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May 30, 1986| Compiled by the Fashion86 staff

Why would anyone pass up $150,000 worth of jewels and walk off with a replica of the dress Marilyn Monroe wore in "The Seven Year Itch"? Well, as the thief told the London Daily Mail, he's a Monroe fan who "wanted to get close to her spirit." Obviously, a week was all he needed, and then he turned the replica, which had been hand-sewn by designer Bill Travilla, over to the English tabloid. The amazing white dress has presumably come back to America along with other Travilla designs that were part of a London fashion show staged by the American College and billed as a "Help the Aged" charity. The show featured the Emmy Award-winning designer, the Monroe replica modeled by a Monroe look-alike and Travilla's designs for the next season of "Dallas," modeled by Barbara Carrera. As yet, there's no word if Travilla plans to press charges or merely press the dress.

Legal note: In a suit filed May 19 in L.A.'s Superior Court, Gale Hayman, a former executive vice president of Giorgio Inc. and still a board member and owner of 49% of the firm, has sued the company to regain her former position. She is also asking $75 million for damages she contends stemmed from her ouster from the firm in February, 1985. Hayman, the former wife of Fred Hayman, who is Giorgio chairman and chief executive officer, recently announced her intention to start a cosmetics line. When reached by Listen yesterday, she said: "I intend to continue full throttle with the cosmetics line. I've taken studio space in Century City, and if I win the legal case, I'll merge the new makeup line into Giorgio's. If I don't, I'll launch it on my own in spring, 1987."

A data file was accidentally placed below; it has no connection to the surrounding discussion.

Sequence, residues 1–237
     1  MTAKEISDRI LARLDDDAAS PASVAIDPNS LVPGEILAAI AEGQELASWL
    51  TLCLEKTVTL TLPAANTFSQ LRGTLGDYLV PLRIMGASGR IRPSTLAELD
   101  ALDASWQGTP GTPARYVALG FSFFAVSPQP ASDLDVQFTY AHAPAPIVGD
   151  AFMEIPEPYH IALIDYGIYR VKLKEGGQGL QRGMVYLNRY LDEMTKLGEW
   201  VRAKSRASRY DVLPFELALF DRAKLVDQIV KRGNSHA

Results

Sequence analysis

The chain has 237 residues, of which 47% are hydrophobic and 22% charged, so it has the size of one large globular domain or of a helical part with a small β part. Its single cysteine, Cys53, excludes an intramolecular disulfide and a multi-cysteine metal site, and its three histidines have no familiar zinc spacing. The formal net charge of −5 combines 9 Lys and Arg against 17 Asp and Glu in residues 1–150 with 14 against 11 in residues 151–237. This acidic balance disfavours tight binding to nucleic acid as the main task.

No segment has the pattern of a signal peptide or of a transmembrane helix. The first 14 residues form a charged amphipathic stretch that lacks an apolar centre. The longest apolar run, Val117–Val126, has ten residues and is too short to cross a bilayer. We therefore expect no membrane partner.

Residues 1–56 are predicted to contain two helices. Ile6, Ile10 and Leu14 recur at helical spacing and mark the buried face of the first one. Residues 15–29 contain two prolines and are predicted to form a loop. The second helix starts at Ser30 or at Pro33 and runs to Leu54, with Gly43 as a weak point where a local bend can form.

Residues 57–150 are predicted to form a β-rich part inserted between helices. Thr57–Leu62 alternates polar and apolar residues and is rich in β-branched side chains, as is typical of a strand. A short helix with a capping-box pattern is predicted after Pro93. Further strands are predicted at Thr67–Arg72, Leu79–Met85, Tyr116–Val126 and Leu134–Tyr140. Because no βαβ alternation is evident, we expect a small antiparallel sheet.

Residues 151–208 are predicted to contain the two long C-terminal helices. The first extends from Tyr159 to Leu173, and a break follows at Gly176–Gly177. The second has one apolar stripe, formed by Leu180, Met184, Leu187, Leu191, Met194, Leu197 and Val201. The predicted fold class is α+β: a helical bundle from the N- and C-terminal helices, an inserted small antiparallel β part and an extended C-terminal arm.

What do you wear to stand out in a roomful of rock 'n' roll tuxedos? Prince always seems to have a new solution for every awards gala, and Wednesday night's third annual ASCAP (American Society of Composers, Authors and Publishers) Pop Awards dinner was no exception. His Royal Badness, who was honored for such hits as "Raspberry Beret," turned up in a stunning double-breasted fuchsia suit accented with an ivory silk shirt and tie. Barbra Streisand, whose song "Evergreen" was honored, also showed up in relatively conservative garb. Streisand chose an ivory beaded gown by Fabrice, which stopped well short of her knees.

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